Now that we are all online and/or live online and/or hybrid instructors, regularly checking for “attendance” in our courses, managing last date of attendance (LDA), reaching out to disappearing students, responding to student email, sending class announcements, and managing video meets are likely feeling like the norm. As students and teachers alike settle into these new learning environments, and the scorching summer heat dissipates, I hope we can all take a few moments to reflect on the work we have done and the work we have left to do this semester. (I also hope we all can take a few moments for self care as well, but that is a different blog entry topic!)

Person pondering with hand on chin and big red question mark behind the person.

One reflective question that a number of colleagues and I have been discussing these past couple weeks is: 

“Am I actually teaching?” 

  • What am I doing now, in my online environment, to recreate (as much as possible), the teaching and learning that I create in my in-person classes? 
  • How am I delivering content now, virtually, and how does that compare to what I do when in a physical classroom with students?

Our conversations have been enjoyable…and revealing. It turns out that teaching well in an online space is…ummm…challenging. Many of us have discovered that what comes easily to us in the physical classroom feels uncomfortable or unnatural in the virtual classroom. Probing questions that lead to engaging, thoughtful discussions amongst students now require a “delivery solution” or a “new tool” or “best practice strategy”. We have learned that even our relatively simple, in-class lectures paired with a slideshow now require new approaches and/or tools to create student engagement and deliver it effectively. And we are learning that formative assessments need to be much more calculated when we can’t “feel the energy of the room”. Alas, we are learning and modifying and adapting as we go. Teachers rock that way, but we still find ourselves questioning all that we are doing.

Turns out…some of us aren’t actually teaching (or not as well as we could be). So then we asked each other: 

“How can we do better?”

We have learned that we must be more specific and thoughtful in how we approach teaching and learning. Specifically, we have learned things like:

  • We can’t just post a PowerPoint or Google Slides presentation in Canvas and leave it be. 
    • We have to add audio to provide the extra context around that information, just like we would do if we were delivering that presentation in-person (we would never walk into class, pull up the slideshow, and then not say anything for the class period, would we?!).
      • Make a screencast (screencast-o-matic; screencastify) that shows the slide and allows for the instructor to narrate over it
      • Record a lesson in Zoom or WebEx and then share/embed that video recording in our Canvas course.
  • We can’t just assign textbook reading or publisher materials followed by a quiz and call it a day. If we assigned readings in our in-person courses, we wouldn’t just ignore all of that material when we came back to class, right?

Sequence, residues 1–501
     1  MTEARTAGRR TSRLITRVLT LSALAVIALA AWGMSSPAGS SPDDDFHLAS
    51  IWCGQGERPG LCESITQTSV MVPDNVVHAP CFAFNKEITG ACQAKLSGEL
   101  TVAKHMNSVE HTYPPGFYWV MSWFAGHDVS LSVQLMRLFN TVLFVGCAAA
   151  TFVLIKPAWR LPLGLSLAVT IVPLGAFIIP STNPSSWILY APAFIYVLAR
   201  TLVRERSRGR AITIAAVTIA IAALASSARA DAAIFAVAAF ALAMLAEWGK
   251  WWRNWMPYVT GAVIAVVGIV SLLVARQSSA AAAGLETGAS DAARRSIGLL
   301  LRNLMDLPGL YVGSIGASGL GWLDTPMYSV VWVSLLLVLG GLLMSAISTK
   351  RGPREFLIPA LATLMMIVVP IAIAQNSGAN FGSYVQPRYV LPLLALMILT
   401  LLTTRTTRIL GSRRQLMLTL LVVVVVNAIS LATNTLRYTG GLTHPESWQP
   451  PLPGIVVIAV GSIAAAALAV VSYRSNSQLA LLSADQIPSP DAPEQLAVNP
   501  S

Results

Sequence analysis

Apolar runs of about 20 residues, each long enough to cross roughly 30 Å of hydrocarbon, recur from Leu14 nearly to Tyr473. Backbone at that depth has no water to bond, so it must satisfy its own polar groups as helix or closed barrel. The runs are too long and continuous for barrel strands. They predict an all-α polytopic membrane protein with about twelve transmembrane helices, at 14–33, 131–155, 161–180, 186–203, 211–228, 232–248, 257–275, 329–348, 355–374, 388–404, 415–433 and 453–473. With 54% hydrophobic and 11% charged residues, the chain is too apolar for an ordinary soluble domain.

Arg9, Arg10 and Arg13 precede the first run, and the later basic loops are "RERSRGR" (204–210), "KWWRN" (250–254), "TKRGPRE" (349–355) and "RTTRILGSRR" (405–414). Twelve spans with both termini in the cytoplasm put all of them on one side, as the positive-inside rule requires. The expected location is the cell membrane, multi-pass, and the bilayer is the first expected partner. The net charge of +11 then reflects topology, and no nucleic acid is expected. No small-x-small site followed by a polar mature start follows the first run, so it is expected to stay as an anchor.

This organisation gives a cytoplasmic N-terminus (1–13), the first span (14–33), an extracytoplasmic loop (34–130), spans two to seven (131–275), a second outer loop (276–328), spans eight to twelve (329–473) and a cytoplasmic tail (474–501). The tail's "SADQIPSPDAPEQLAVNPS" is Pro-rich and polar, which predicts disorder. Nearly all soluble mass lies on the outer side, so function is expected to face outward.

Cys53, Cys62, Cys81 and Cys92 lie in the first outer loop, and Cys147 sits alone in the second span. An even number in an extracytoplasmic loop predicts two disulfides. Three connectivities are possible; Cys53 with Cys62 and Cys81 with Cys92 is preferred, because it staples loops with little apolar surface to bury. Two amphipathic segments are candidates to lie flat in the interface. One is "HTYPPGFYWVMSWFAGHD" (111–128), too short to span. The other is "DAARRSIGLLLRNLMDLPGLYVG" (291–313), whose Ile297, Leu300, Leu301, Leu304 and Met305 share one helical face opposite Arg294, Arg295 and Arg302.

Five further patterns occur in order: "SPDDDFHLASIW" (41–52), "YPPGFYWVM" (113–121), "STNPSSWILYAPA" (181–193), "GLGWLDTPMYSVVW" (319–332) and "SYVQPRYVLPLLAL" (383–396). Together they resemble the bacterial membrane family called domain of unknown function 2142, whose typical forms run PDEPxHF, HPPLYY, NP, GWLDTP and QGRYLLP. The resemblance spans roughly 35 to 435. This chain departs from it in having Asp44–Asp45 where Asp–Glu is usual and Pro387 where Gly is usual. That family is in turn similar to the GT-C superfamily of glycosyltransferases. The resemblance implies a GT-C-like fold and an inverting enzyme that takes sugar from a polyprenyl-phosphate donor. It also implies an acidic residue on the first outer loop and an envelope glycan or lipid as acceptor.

• We would have an in-class discussion where we would pose questions that push students to speak, consider, and generate answers (or attempts at answers) through critical thinking that is informed by and connected to the reading assignment.
      • Use a discussion board in Canvas. Ask students to have an initial post to your question(s); provide guidelines for their initial posts (length, depth, support, etc.); provide guidance regarding responses to classmates (required, suggested, length, amount, etc.); monitor posts and responses and chime in when necessary to help navigate the discussion (just like we would in-person)
      • Create weekly discussions in Packback. Packback ultimately asks your students, “What are you curious about?” regarding specific course content of your choice. Give your students some parameters and guidelines to help lead them into your assigned course content, and then watch them pose questions to their peers, answer with further questions, provide your own coaching and/or praise, and check out the AI moderation that promotes better student engagement.
    • We would pair or group students for an activity in class that would ask them to consider and discuss the presented material and then apply it to a problem, task, etc. 
      • Create a collaborative assignment for pairs or groups of students to accomplish together using Google Docs or Google Slides. Provide guidelines and details for the work they will do and how they will divide it, and provide some instruction of how to access and use the Google product and submit the assignment.

Reflection is valuable. I will continue to reflect because I want to continue to improve. For me, part of that improvement process has always included asking colleagues for suggestions, feedback, and help. And, let me tell you, some of my favorite colleagues that are always ready to talk teaching and learning are in the CTLE

If you have any questions or want to learn more about any of the ideas and suggestions in this entry, please feel free to reach out to me or go to the CTLE virtual office hours.

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